FIFA seeks 'tens of millions' in damages from officials over vote selling & other crimes

© Ruben Sprich
FIFA has launched a legal offensive against indicted top officials of the organization, seeking “tens of millions” in damages. The complaint acknowledges members of the organization's executive committee sold their votes in World Cup hosting contests.

The complaint, filed with the US attorney's office in the eastern district of New York, refers to damages allegedly caused by 41 former FIFA officials and other football organizations, who have been indicted in an ongoing investigation by the US Department of Justice.

According to the claim, which refers to FIFA as a “victimized institution,” indicted executives have accrued more than US$28 million in pay, per diems, travel, and other costs since 2004.

“The loss amounts are believed to be at least in the tens of millions of dollars,” the document states.

The defendants in the case “grossly abused their positions of trust to enrich themselves, while causing significant direct and proximate harm to FIFA,” the document continues.

“They looked for ways to line their own pockets and siphon off opportunities. They did violence to FIFA’s principles, goals and objectives as they promoted their own self-interests and sought to enrich themselves at FIFA’s and football’s expense.”

Those sentiments were echoed by Gianni Infantino, the organization's newly elected president.

The officials “abused the positions of trust they held at FIFA and other international football organizations and caused serious and lasting damage to FIFA, its member associations, and the football community,” Infantino said in a Wednesday statement.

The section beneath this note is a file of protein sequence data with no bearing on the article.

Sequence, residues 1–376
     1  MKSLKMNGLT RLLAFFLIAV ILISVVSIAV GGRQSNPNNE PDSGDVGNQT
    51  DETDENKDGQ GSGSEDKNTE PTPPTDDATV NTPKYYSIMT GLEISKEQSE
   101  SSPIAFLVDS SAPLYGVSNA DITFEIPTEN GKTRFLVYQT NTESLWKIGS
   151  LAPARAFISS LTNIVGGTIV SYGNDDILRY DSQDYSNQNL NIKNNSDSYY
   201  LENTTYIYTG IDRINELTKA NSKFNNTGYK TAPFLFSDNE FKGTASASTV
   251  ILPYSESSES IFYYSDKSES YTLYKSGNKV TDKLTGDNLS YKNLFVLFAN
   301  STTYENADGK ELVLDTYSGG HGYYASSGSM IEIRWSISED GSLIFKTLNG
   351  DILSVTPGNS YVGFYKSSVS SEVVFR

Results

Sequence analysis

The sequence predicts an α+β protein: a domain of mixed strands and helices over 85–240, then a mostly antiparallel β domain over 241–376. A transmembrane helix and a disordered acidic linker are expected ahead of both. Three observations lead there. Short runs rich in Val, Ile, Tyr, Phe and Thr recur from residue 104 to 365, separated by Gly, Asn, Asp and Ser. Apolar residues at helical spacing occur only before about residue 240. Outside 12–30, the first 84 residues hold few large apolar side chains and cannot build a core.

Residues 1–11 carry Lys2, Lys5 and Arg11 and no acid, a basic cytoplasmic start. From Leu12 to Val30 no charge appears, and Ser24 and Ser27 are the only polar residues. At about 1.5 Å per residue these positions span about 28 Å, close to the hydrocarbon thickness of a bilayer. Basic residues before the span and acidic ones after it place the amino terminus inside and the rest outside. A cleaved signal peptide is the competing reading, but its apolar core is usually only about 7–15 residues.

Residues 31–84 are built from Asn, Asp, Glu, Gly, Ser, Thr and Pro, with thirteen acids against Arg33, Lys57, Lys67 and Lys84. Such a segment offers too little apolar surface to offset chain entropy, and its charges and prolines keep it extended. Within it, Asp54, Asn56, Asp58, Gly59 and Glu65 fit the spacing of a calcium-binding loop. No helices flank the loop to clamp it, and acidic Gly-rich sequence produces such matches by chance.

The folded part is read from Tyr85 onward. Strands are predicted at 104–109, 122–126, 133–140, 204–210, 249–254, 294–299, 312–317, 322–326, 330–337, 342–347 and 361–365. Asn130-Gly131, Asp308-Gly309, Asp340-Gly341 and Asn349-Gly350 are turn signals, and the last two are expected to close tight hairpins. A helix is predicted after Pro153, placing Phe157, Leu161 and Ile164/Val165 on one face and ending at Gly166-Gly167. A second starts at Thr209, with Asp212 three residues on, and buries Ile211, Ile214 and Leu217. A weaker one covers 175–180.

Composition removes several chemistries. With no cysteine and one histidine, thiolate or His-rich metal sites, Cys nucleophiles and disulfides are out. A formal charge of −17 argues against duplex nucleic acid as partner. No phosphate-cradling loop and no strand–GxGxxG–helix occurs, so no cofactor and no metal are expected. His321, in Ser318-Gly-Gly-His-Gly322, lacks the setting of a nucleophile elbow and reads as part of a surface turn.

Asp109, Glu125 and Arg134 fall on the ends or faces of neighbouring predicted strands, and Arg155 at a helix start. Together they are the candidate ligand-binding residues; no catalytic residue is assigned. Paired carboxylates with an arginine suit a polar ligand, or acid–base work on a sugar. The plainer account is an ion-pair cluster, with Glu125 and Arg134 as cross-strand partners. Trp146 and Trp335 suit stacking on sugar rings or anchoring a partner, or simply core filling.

“The monies they pocketed belonged to global football and were meant for the development and promotion of the game. FIFA as the world governing body of football wants that money back and we are determined to get it no matter how long it takes,” he continued.

Infantino went on to state that once the money is recovered, it will be directed back to its original purpose.

"These dollars were meant to build football fields, not mansions and pools; to buy football kits, not jewelry and cars; and to fund youth player and coach development, not to underwrite lavish lifestyles for football and sports marketing executives,” he said.

The complaint specifically acknowledges that FIFA executives previously sold their votes in World Cup hosting contests.

"It is now apparent that multiple members of FIFA's Executive Committee abused their positions and sold their votes on multiple occasions," the document reads.

The document specifically states that former executive committee members Chuck Blazer, Jack Warner, and other individuals engineered a $10-million payoff from the South African Football Association in exchange for executive committee votes regarding the 2010 World Cup, which was eventually awarded to South Africa.

It goes on to state that bribes were also paid by Morocco in the battle for the 1998 World Cup, which ultimately went to France.

The complaint also suggests that votes were sold in elections for the FIFA presidency, and that various football officials had corruptly profited from the award of media rights to World Cup qualifying matches.

FIFA landed in hot water in May 2015, when the US investigation began to reveal widespread corruption within the organization.

So far, $190 million in assets have been forfeited by the 41 officials and marketing executives named in the investigation over the past 12 months. A total of $100 million in seizures has also taken place, relating to the defendants' “felonious schemes.”

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